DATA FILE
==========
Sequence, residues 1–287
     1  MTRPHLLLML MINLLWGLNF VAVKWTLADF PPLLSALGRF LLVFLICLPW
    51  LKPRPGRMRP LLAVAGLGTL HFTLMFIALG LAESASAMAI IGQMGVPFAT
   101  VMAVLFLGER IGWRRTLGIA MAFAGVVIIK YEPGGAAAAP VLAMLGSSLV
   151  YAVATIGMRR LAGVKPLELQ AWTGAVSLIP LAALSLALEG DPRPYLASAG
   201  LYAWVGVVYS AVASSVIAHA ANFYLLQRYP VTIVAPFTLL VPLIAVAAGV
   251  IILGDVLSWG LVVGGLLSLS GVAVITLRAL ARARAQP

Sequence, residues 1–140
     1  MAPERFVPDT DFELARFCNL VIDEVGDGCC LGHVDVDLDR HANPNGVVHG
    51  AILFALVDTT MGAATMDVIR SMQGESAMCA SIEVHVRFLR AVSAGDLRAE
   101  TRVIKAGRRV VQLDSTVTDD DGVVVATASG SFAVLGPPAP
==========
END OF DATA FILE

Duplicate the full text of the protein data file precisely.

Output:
Sequence, residues 1–287
     1  MTRPHLLLML MINLLWGLNF VAVKWTLADF PPLLSALGRF LLVFLICLPW
    51  LKPRPGRMRP LLAVAGLGTL HFTLMFIALG LAESASAMAI IGQMGVPFAT
   101  VMAVLFLGER IGWRRTLGIA MAFAGVVIIK YEPGGAAAAP VLAMLGSSLV
   151  YAVATIGMRR LAGVKPLELQ AWTGAVSLIP LAALSLALEG DPRPYLASAG
   201  LYAWVGVVYS AVASSVIAHA ANFYLLQRYP VTIVAPFTLL VPLIAVAAGV
   251  IILGDVLSWG LVVGGLLSLS GVAVITLRAL ARARAQP

Sequence, residues 1–140
     1  MAPERFVPDT DFELARFCNL VIDEVGDGCC LGHVDVDLDR HANPNGVVHG
    51  AILFALVDTT MGAATMDVIR SMQGESAMCA SIEVHVRFLR AVSAGDLRAE
   101  TRVIKAGRRV VQLDSTVTDD DGVVVATASG SFAVLGPPAP